On the weekend of July 16-17, news portals, social networks and other online platforms were flooded with “news” about how the model Arta Nitaj allegedly asked a man, whose name we do not know, for 5,000 euros to spend the night with her.
This story originated from Teddy Grey, a British YouTuber who published on his Instagram account what he claimed were private messages between a man and Nitaj. The man says to Nitaj “I want another night with you or I will post the photo,” then the messages continue with “when you come to Kosovo I’ll be waiting for you,” “or you know what is going to happen.”
Most coverage, or at least what was predominantly discussed in the comment sections, was about the second message: “That night, you took 5,000 euros from me.” As a result, people on social networks praised Grey because he supposedly “exposed Nitaj’s immorality.” They launched a campaign of hatred and harassment against Nitaj, insulting her and writing messages on her personal Instagram account.
People started to screenshot these messages and send them to Grey, who would then repost them. An entire army, mostly men aided by online portals, gathered to crucify her.
Then, Grey, probably delirious from the attention and to the deafening roar of applause of an entire society, did his final act and published a nude picture of a woman, who he claims is Nitaj. To make matters worse, many portals republished the picture.
Grey became a kind of hero. The man — whether he is the one who perpetrates the violence, or the one who justifies it — is seen as a hero. Any guilt he had was overcome, while Nitaj’s guilt was built from nothing, was commodified and made ready for the marketplace.
What the man with the alleged text messages did has a name: blackmail.
This market includes countless news portals, comments sections, social networks, discussions in cafes and elsewhere. There, transactions are made with the life and the body of a woman. This continued to the extent that some joined in tormenting her, without knowing exactly what they were partaking in. It became important to be in line with the trend even if it involves harassment, insults and violence against women. This demonstrates the attitude towards the well-being of women in circles where gender-based violence is celebrated.
All attention was focused exclusively on Nitaj’s online trial, while people turned a blind eye to the men who participated in this.
What the man with the alleged text messages did has a name: blackmail. Blackmail is a crime, a criminal offense. He told a woman that if she doesn’t spend a night with him, he will publish her photos, without her consent, without her authorization — the definition of sexual blackmail. Apparently the photos he claims to have taken, he took to use as bait for this precise reason. As for Grey, he only helped him in carrying out the blackmail.
There are questions to be raised about a society that makes jokes at the expense of women. What is expected of women? That they should agree with their potential rapist? To say yes to them? To say yes to all men who feel like they should be in control of women’s bodies? Today he blackmails you with a picture, tomorrow with another, the day after tomorrow with another. Then with a slap, with some strangling, with the barrel of a gun. So where do men’s rights end and do women’s rights ever begin?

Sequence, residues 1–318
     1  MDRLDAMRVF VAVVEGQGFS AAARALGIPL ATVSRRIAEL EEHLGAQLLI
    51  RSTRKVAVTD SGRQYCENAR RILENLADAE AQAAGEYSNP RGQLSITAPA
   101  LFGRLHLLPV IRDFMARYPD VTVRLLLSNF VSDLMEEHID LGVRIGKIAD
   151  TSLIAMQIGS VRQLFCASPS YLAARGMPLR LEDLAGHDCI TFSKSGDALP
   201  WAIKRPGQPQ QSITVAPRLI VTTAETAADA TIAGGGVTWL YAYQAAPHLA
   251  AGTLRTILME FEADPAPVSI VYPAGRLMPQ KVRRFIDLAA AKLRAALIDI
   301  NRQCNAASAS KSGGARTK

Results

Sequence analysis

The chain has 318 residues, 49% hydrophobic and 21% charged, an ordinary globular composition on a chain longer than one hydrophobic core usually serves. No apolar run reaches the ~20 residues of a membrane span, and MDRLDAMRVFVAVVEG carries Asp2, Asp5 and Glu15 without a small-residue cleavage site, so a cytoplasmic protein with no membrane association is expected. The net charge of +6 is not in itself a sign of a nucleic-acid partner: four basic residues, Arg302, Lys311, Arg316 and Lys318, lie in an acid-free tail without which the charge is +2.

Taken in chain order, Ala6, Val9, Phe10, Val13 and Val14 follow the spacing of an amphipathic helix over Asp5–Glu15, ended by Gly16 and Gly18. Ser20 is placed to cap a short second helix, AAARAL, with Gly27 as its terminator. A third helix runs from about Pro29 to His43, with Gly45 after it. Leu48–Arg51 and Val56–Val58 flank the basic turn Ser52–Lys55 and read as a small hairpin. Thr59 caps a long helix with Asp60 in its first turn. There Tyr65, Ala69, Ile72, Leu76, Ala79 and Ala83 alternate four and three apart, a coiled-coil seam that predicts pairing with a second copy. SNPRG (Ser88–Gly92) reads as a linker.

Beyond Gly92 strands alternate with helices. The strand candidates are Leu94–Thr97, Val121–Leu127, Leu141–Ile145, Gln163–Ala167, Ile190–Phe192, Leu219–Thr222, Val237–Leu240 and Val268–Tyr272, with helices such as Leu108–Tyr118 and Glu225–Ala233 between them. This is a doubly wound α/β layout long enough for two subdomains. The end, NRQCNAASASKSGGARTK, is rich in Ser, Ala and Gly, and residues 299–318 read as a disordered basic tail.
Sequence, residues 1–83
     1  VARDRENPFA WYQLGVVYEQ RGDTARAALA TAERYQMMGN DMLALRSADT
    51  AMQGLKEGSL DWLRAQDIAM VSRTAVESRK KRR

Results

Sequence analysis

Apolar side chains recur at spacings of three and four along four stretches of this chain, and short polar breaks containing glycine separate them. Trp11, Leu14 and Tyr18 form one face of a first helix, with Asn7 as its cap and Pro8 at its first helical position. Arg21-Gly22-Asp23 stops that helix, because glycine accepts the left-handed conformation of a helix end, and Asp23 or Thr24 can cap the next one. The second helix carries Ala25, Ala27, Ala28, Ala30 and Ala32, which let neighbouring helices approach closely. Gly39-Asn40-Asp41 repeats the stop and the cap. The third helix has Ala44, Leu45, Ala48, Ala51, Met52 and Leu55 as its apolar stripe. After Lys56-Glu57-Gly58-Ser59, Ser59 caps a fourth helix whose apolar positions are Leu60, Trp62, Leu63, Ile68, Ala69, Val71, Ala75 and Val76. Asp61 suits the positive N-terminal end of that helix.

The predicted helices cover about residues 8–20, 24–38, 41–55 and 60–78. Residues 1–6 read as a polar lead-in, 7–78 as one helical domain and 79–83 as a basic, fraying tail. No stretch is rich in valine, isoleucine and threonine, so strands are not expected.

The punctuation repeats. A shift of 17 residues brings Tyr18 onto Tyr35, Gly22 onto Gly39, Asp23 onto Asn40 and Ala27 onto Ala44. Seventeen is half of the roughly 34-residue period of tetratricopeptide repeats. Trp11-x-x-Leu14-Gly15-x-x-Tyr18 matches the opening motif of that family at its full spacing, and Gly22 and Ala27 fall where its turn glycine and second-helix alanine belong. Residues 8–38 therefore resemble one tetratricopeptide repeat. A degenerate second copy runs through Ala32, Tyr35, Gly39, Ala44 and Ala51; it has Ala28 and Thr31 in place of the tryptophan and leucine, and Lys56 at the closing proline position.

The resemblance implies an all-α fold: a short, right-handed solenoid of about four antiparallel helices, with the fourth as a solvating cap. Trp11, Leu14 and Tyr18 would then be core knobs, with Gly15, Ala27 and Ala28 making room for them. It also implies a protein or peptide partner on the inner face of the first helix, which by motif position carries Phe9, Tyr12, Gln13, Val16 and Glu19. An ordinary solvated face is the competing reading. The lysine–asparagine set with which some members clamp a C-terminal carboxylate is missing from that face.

If a woman has said yes to a man once, must she say yes to him all her life? As the writer Katherine Angel says when criticizing the control over women’s bodies, “If a woman says ‘yes’ to something, she can no longer say ‘no’ to anything.” Women are expected to say yes even to the extent of violating themselves, their bodies, their lives. For what? To look good from the outside? To look good in the eyes of the untouchables who are placed on a moral pedestal by society, to those who point fingers all the time? And from the inside, to submit to the demands of men, their potential abusers.
This important discussion has started from the wrong place, just as is often the case when it comes to harassment, stalking, sexual blackmail — that is, violence against women.
When it comes to violence against women, there are always people and institutions that close their eyes to the things that matter and focus on things that are completely irrelevant.
Everyone turned a blind eye to the first message from the man in the screenshot that Grey published. He blackmailed Nitaj, threatening that if she doesn’t spend another night with him he will post her picture. Perhaps, in the name of strengthening a narrative where the woman is to blame, they willfully ignored that fact. Or, no one bothered to read the original message, because after all, blaming a woman is a routine, habitual, normal activity.
Apparently, a woman is a victim only when she is killed. Other cases are not suitable victims. Society seems to have fixed a profile of the “acceptable” victim. The victim must be in the right place, at the right time. They should be threatened in the right place. They must be blackmailed in the right place. They must be raped in the right place. They must be killed in the right place and circumstances. The right circumstances are mainly related to her appearance, her clothes, the time she goes out, the drinks she drinks, the people she hangs out with, the number of followers she has on social media, the type of photos she takes.